Another interesting experiment was conducted with samples installed in the "slot-up" configuration to examine the consequence of possible misapplication of the product. Again, the conditions in the chamber were maintained at a constant 90 F/80 percent relative humidity with a 35 F operating temperature. Results are shown in Figure 7.

The result here is that the initial weight of approximately 32 grams per day does not level off, as before. This indicates that the water-vapor ingress into the system is greater than the rate of liquid water can be removed. After a period of six days, the accumulated weight of the sample had reached nearly 200 grams. At that point, the sample was rotated 180 degrees to the normal "slot down" position. The excess water drained and evaporated and the weight gain stabilized at a normal level of about 20 grams.

Another important series of laboratory experiments involved assessing the liquid water absorption characteristics of fiberglass insulation material relative to the wicking material. In general, fiberglass insulation is hydrophobic (sheds water) while the wicking material is hydrophilic (absorbs water). The self-drying concept relies on this distinction to keep the insulating material dry. To test this, samples of insulation were held horizontally with wicking material on top of the fiberglass. Water droplets placed on the surface of the wicking material spread smoothly. The fiberglass insulation below remained dry, and the presence of the insulation in contact with the wick did not affect the wicking pattern.

In follow-up experiments, samples of wick material were sandwiched vertically between pieces of hydrophobic fiberglass, leaving a 1-inch-wide lead of wicking material protruding from the bottom of the insulation. Capillary rise was measured by dipping the 1-inch lead in water (keeping the bottom faces of the insulation just above the water). Results are summarized as follows:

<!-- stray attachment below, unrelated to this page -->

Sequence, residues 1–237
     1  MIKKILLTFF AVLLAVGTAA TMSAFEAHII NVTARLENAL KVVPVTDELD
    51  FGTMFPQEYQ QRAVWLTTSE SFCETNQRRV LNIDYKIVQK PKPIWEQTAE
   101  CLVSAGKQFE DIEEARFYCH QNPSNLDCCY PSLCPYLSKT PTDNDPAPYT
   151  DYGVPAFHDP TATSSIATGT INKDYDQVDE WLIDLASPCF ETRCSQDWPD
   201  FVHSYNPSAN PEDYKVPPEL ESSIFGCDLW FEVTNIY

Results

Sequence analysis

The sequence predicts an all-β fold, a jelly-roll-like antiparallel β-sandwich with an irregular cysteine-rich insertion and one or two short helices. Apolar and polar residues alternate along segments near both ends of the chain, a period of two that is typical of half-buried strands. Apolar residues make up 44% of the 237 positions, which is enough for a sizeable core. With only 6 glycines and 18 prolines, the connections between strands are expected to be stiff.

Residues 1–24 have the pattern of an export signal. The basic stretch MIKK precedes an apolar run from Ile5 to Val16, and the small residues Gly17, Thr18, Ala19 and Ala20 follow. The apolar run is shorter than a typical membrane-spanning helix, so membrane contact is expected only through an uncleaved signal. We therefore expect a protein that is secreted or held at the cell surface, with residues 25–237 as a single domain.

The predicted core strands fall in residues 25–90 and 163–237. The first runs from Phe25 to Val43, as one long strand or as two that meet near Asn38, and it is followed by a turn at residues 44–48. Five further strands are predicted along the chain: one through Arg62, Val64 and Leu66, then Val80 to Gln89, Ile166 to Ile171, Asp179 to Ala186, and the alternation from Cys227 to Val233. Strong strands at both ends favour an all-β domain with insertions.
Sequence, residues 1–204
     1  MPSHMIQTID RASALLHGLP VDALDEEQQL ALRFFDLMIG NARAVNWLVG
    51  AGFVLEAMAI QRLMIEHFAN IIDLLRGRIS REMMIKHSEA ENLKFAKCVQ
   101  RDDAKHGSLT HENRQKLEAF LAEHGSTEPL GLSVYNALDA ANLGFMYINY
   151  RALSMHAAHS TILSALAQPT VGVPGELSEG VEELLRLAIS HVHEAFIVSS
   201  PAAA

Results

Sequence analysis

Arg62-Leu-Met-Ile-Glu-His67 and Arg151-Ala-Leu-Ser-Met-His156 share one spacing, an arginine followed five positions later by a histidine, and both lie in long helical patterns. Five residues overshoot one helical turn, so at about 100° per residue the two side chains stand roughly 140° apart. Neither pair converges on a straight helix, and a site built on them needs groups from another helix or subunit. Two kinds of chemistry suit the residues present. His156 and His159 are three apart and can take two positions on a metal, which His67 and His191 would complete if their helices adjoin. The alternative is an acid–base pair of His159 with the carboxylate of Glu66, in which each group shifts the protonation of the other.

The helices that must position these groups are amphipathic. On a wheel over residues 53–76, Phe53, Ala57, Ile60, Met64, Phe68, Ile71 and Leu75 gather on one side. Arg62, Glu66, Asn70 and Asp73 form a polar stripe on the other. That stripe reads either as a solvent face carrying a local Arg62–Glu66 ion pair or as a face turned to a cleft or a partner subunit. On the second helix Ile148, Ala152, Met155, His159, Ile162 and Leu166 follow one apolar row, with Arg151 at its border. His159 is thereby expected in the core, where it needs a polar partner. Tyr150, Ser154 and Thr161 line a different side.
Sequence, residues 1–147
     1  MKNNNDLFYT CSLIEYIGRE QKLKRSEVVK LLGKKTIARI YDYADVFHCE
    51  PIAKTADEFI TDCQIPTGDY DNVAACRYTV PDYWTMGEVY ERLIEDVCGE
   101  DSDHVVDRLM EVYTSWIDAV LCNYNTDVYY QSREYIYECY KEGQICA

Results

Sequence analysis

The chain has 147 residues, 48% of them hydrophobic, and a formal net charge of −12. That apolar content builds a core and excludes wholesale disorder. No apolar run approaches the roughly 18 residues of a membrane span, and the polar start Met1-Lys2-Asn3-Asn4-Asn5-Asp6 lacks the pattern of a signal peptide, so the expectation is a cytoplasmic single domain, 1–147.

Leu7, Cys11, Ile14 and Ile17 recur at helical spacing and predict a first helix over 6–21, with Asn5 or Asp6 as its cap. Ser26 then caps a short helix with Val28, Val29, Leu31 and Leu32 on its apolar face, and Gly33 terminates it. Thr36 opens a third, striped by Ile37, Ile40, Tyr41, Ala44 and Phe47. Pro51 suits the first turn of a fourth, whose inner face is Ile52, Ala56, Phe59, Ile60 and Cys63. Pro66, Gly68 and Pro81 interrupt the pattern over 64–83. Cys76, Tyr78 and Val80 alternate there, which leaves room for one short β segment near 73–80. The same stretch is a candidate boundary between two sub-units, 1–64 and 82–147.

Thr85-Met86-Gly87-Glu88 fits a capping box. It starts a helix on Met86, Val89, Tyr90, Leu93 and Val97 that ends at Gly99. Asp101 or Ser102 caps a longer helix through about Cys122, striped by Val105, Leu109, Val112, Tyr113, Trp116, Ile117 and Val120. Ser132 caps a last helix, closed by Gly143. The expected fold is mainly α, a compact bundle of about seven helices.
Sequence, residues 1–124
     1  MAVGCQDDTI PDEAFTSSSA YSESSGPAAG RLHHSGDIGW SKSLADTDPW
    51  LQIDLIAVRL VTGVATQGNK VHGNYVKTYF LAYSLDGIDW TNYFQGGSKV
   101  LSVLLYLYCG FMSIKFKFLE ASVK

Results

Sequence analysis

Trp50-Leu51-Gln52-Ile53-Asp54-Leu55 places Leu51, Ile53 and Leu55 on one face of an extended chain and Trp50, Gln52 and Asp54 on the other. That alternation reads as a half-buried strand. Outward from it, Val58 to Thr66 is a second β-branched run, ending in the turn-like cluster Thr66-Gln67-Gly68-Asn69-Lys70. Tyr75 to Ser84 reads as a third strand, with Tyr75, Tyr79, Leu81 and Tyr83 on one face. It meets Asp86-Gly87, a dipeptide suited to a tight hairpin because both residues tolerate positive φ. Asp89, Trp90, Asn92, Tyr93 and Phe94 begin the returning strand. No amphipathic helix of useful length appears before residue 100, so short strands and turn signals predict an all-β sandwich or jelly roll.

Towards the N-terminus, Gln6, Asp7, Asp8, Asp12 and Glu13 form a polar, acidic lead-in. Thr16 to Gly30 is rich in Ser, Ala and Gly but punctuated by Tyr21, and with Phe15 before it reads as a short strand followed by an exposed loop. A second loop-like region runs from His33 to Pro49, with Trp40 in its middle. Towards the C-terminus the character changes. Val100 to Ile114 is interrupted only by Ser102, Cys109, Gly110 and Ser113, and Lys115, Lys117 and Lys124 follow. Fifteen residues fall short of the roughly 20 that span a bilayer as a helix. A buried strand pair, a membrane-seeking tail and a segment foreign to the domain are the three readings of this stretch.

• The presence of the wool did not affect the capillary rise of the nylon wick.
  • There was no detectable lateral water diffusion into the fiberglass insulation.
  • These experiments confirmed the ability of the hydrophobic fiberglass insulation to remain dry even when in contact with a saturated hydrophilic wicking material.

Field Experience

Field trials of self-drying insulation began in April 2000. Initial installations were targeted to locations along the Gulf Coast and along the Eastern Seaboard. Table 1 (in Figure 8) provides a summary of some of the early installations.

These field trials yielded a wealth of experience with the self-drying insulation product and identified a number of points worth highlighting. Elbows, valves and fittings have been successfully insulated by wrapping with wicking material prior to installing insulation. Various installation details have been developed to accomplish this, but the key for installers is to utilize the wicking materials to transport condensed water to the lowest point in the system where it can be removed to the outside and evaporated.